Foyles Charing Cross Road

Critics' choice

If the old Foyles was a bookish uncle in a soup-stained cardigan, the new Foyles is a hip teenage cousin: ahead of the curve where apps and indie cinema are concerned, but sporting a pair of off-puttingly flash trainers. Foyles has always been one of those shops which trade partly on sentiment, with its labyrinthine layout, oddball-friendly café and loyal staff: Giles, its longest serving, has clocked up an impressive half-century on the payroll. News that Foyles was moving, and its much-loved café closing, was greeted with understandable dismay by Time Out readers. But standing in the vast new premises (just a couple of doors down, in the former Central Saint Martins HQ) it's easy to understand the decision.

Foyles CEO Sam
 Husain describes the new store
 as ‘a bookshop for the twenty-first
 century’, with 37,000 square feet of floorspace laid out immaculately by architects Lifschutz Davidson Sandilands around an impressive central atrium, and eight levels (four actual floors) packed with more than 200,000 books. Wherever you stand, you can see every part of the building, and the place is bathed in a gentle, contemplation-inducing glow. It’s light years away from the dusty nooks and crannies of the old building, and a bold visual statement of Foyles’s ambition and new image.

In the age of the e-reader and Amazon, punters need a good reason to visit a bookshop, and the new story has plenty. Books aside, the focus is on the social aspect of reading. A whole floor is dedicated to events, from readings by Michael Palin and Jarvis Cocker, to themed reading groups or literary tours. The swish new cafe is run by Leafi, the people behind the Whitechapel Gallery's smart bistro, so expect something slick rather than homely.

A capacious art space will be curated by Future city which kicks off with Turner Prize nominee and ex-Central Saint Martins student Mark Titchner. Otherwise, there are no real signs of the building’s former life, although one was uncovered during the redevelopment, in the form of ‘a big wall that had been given a going over by some art students’, according to the shop’s manager. This is in stark contrast to the old premises, where expansion work turned up disused rooms and even lifts that no one knew anything about.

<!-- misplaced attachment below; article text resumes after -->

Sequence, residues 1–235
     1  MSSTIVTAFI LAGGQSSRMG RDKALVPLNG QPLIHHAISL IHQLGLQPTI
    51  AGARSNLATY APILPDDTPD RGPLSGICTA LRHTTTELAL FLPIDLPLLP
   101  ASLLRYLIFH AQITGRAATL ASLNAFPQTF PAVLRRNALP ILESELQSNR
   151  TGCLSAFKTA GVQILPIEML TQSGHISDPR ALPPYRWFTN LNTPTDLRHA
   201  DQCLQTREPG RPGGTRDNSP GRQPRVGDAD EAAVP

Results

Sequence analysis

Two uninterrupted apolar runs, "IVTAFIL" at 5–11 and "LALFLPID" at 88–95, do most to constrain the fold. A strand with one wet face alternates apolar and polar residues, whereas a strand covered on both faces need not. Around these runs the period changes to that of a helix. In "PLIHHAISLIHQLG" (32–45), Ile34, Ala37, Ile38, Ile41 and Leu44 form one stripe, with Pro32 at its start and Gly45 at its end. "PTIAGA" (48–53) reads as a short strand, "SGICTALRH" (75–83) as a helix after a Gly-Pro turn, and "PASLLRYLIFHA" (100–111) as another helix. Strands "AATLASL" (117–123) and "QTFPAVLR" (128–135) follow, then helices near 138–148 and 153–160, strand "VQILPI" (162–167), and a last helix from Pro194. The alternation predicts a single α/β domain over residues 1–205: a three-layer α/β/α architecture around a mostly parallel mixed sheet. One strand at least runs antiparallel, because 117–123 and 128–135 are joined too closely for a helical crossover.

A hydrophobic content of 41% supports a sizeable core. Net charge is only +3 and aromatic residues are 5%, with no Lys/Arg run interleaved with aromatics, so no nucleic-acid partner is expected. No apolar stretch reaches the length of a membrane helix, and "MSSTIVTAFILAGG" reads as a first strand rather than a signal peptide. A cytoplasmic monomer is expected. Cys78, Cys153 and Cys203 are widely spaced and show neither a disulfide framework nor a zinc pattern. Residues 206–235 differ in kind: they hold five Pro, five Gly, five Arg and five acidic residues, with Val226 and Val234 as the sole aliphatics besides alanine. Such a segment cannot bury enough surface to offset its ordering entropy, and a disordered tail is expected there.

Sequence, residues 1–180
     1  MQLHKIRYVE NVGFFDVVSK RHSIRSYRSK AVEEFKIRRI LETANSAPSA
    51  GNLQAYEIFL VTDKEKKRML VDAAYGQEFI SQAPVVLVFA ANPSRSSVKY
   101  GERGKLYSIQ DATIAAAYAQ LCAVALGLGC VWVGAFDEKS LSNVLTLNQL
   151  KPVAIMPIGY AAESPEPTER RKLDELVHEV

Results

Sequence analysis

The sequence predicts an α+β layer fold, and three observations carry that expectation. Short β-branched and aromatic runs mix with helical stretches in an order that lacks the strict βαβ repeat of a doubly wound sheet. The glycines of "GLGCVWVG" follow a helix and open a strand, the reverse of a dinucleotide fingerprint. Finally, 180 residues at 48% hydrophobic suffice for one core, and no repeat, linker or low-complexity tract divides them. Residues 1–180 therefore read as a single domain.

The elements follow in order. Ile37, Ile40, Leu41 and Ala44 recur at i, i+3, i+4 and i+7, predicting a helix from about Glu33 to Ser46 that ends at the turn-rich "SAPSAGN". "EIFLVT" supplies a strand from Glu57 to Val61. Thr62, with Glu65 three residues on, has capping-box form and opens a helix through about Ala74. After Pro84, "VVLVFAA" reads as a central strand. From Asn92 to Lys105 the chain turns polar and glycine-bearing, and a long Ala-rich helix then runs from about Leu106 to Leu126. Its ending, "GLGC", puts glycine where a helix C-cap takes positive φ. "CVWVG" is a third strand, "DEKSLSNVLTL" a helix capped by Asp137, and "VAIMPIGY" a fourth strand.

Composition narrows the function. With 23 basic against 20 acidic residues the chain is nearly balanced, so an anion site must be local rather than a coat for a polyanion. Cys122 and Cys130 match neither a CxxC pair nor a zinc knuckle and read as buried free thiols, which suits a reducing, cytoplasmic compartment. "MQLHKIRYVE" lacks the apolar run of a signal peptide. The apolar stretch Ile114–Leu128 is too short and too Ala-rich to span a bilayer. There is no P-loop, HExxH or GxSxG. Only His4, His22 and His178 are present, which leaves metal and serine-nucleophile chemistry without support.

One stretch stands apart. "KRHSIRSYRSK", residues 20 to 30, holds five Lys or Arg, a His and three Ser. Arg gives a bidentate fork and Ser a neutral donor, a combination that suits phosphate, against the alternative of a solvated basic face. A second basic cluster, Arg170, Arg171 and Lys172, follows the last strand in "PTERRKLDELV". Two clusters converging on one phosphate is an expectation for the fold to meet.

Foyles veterans may find the new store a smidge anodyne, but any business making such a gutsy statement in favour of ink and paper, and bringing the printed word to life in such a sociable setting, deserves an exciting new chapter.


Branches Southbank Centre, Riverside, SE1 8XX (7440 3212); Waterloo Station, Lower Concourse, SE1 8SW (3206 2680); Westfield, W12 7GE (3206 2656); Westfield Stratford City, E20 1EJ (3206 2671).

Foyles is number 40 in our list of the 100 best shops in London.

Venue name: Foyles Charing Cross Road
Address: 107
Charing Cross Road
Transport: Tube: Tottenham Court Road

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  • Photography Sun March 29th 2015 - Sun May 3rd 2015 Free
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    Charing Cross Road London London WC2H 0EB

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Emma Perry
Staff Writer

The new Foyles is a friendlier place than the old Foyles. Sure, you could get lost in dark corners in the old version, and find yourself absorbed in a book on a subject you hadn't come in to browse. But you can still do that in the new shop, only surrounded by light and hope. And the book world needs some hope in the digital age. If you watch the customers, they are happy; strangers smile at you on the stairs. What's more, Foyles has retained its knowledgeable staff, who can whisk up a fantastic choice of books given certain parameters. They are brilliant when your task is to find a present for a friend with interests outside of your own. The old cafe was an institution, but the new cafe is actually a nicer place to sit, with more space around the tables and much more natural light. It's pleasing they've retained a bar with stools so shy lone customers can feel comfortable sitting there on their own. The gallery and event spaces add life to the place without losing any of the calm. All in all, a triumph of design and intent which fosters a sense of community.


I am missing the old Foyles - alas the Mecca of bookshops was brought in for disassembly, however a new ship was launched and what a modern thoroughbred of bookshops it is. Waterstones et al, have nothing on this baby - I would say one thing - things will never be the same. CEO? Profits and marketshares? This is just not Foyles.

The Man on the Street

I loved the blog post about the new Foyles opening next week.

I'm intrigued to see their new performance space. God I remember how quirky Foyles used to be, handing the book in to someone behind the counter who filled out a form which you then went to another counter where you paid and receipt was stamped, then back to the original desk, handed in the receipt and collected your book. Christina Foyle was bonkers but that's how it was done! I look forward to visiting the new store.